How to best carry around "state" in my program?

I have to parse a configuration file and run a simulation based on the settings in that file. In some language like Python, I’d probably make a class, say ConfigParser and it would both parse and store my configuration. Since I can’t rest on all of my old bad habits, I figured I’d ask for advice on new ways to do old things.

I guess I’m looking for a Julian way of doing things, not just something that doesn’t provoke the compiler to throw things.

I could use global variables

Global variables have obvious problems (not to mention it winds up being Dict{Any, Any}.

state::Dict = Dict()

function parsefile(fname)
    fh = open(fname)
    # ... read file, stuff info in state

function run_simulation()
    # ... run simulation based on state


I could use inner functions (closures?)

Also has problems, and my co-workers aren’t fond of.

function simulate(fname)
    function parsefile(fh)
        # ... read file, stuff into `state`

    state = Dict()
    fh = open(fname)

    run_simulation() # run simulation based on `state`


Chain things together somehow?

function read_configuration(fname)
    dict = Dict()

    # ... read config, store in dict

function run_simulation(c)
    # based on configuration, run stuff

read_configuration("config.cfg") |> run_simulation

won’t be around until 1.11, but this looks apropos Scoped values by vchuravy · Pull Request #50958 · JuliaLang/julia · GitHub

All the Julia solvers I’m aware of (NLOpt, Optim, DiffEq, Trixi, …) use something like the third approach, where read_configuration returns a struct (if possible) rather than a dict, allowing more optimizations to be applied. This is related to the function barrier performance tip. If there are a number of fundamentally-different configurations that could be simulated (say, 3D Cartesian vs. 2D r-z axisymmetric, or with vs. without body forces), those differences can be encoded in the type domain, and you’d then define multiple simulate methods, e.g. simulate(initial_condition::Cartesian) and simulate(initial_condition::Axisymmetric).


Well, I always use a mutable struct for my configuration, which I store in a global const variable.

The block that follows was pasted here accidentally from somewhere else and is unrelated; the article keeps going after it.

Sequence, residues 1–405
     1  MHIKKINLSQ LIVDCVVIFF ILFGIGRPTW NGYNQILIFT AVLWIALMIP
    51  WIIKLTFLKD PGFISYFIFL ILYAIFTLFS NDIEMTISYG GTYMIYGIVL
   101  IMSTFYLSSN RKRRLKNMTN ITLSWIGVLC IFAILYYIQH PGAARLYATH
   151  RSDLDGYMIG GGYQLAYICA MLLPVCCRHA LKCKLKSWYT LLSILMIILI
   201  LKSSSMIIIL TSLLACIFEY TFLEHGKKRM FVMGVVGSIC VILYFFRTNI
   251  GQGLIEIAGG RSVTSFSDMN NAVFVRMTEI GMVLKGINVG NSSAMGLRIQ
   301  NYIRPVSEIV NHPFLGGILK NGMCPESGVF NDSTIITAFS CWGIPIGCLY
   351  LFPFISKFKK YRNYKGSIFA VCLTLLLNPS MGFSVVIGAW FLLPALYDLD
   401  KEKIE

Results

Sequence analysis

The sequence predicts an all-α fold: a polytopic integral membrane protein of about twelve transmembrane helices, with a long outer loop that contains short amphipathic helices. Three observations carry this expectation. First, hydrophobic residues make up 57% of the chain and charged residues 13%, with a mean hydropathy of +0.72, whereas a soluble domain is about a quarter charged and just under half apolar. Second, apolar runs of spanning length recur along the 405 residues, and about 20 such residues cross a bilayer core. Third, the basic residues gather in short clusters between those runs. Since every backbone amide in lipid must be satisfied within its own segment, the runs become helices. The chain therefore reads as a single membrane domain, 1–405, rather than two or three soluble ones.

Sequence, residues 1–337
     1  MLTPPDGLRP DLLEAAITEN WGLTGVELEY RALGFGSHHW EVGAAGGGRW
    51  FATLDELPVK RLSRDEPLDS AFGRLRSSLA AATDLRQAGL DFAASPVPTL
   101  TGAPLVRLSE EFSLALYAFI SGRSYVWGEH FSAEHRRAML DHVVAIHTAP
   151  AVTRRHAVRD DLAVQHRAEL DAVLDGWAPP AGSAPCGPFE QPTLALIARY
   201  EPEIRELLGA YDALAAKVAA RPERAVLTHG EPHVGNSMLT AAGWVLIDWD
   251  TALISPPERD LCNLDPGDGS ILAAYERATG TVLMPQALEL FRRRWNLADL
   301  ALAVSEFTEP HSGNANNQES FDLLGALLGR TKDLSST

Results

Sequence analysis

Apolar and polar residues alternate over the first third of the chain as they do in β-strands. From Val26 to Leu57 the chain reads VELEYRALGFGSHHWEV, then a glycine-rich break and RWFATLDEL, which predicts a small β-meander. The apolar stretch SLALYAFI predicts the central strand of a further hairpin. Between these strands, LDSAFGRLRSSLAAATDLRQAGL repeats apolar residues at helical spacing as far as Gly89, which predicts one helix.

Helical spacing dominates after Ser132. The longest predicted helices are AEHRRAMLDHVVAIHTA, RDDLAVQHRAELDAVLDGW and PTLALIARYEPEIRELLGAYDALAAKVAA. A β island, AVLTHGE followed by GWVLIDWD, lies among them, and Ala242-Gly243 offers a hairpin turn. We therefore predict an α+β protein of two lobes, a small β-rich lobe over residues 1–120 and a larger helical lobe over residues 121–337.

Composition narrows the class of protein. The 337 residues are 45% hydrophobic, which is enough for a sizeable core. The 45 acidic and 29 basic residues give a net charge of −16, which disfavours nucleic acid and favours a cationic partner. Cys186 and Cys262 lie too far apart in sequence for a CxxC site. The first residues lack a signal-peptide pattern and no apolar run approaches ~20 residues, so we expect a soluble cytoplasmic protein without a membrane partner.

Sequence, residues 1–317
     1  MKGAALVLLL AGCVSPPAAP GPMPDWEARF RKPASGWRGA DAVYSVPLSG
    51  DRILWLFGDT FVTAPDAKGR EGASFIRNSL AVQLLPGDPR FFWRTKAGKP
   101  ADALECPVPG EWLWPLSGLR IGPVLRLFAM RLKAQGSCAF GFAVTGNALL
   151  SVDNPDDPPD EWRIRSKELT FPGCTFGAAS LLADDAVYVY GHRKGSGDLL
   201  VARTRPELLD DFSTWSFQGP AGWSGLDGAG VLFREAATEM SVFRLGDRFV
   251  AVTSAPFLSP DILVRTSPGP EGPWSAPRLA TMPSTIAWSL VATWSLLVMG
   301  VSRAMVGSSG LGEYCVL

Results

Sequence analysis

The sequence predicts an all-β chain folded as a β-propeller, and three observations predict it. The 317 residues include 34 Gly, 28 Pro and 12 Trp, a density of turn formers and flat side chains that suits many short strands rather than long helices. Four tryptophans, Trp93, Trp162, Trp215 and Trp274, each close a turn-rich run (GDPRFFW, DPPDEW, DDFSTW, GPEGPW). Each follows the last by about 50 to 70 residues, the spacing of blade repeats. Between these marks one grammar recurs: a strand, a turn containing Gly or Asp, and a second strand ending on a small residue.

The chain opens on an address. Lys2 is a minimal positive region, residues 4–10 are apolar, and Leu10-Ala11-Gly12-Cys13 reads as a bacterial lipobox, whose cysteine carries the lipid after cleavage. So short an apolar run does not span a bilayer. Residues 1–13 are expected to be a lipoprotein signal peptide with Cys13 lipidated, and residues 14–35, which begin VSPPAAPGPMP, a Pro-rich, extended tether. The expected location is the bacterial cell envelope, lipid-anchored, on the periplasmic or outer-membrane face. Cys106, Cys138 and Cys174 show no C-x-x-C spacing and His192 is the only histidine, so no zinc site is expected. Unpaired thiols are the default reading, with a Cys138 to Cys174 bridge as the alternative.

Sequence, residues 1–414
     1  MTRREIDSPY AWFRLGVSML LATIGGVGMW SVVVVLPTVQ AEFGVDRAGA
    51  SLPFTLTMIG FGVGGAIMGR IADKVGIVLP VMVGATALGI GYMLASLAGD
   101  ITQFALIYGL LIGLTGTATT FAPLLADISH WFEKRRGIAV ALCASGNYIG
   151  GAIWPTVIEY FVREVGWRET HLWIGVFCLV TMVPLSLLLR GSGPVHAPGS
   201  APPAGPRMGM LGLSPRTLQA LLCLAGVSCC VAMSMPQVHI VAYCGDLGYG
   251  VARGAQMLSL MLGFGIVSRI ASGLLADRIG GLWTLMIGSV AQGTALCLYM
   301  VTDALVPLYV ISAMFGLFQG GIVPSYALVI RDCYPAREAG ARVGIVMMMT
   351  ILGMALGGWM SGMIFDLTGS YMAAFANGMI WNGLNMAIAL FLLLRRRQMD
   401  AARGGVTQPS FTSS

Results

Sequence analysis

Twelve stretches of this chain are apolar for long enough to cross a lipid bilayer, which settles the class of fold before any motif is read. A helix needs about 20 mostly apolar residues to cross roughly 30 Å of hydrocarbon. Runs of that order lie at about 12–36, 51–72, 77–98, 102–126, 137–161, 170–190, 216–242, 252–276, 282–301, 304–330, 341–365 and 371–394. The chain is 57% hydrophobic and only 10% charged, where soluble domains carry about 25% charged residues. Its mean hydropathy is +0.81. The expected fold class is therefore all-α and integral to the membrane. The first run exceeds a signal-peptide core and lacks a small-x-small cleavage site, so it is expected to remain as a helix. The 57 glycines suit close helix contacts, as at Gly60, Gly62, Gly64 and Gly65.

You can actually modify const mutable structs, so if I want to run the simulation based on a configuration file, but vary one parameter I can easily do that…

I pass this variable, named se (like settings) as first parameter to my functions. Sometimes I create
a deep copy of the global settings, modify the copy and then call one of my functions.

I store the configuration on disc using a .yaml file which is easy to read and write for humans.

I’m glad to hear that at least someone else uses global const values … I know that they can cause performance issues if they are Any typed. Sometimes I feel like I am overcorrecting in favor of having few arguments - since there was a codebase I had to work on for a long time that had fuction(way, way, way, too, many, darn, positional, arguments, good, greif) … and no, that is not an exaggeration, one function (in Matlab) had 11 positional arguments. :frowning:

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Imho, the third approach should always be supported. It just gives more flexibility, i.e., when running simulations across multiple different configurations etc.

In case, a good default is available it can be combined with global state:

  1. Having a non-exported global with getter (and possibly setter) functions and default methods. E.g., randuses this approach:

    import Random
    rand()  # use default
  2. Again using some non-exported global state and providing a convenient way to execute code with different values:

    const global_cfg = Ref(:whatever)
    function with_config(body, cfg) 
       old = global_cfg[]
       global_cfg[] = cfg
           global_cfg[] = old
    export with_config  # but not the actual global Ref    
    run_simulation() = run_simulation(global_cfg[])
    run_simulation(cfg) = ...
    with_config(read_config("config.cfg")) do

    Note that this pattern is very similar to scoped values and similarly implemented by task_local_storage.


This is not true. They CANNOT be any typed if they are defined as const. They get
a concrete type on first assignment, and you cannot change the type afterwords.
Only disadvantage: You need to restart Julia if you extend your configuration struct
and add new parameters.

Too complicated for a simple scientist. And not needed unless your work in a team on a large piece of software.

I could be wrong about the intent of scoped values in Julia, but they seem like they were meant to be like parameters in Lisp/Scheme? They can in some cases make code cleaner, safer.

Yes, these are basically known as dynamic variables in Common and Emacs Lisp. Especially, in Emacs they are put to good use enabling a highly extensible/configurable system.
The main discussion nowadays seems to be how they should best interact with Threads or Tasks.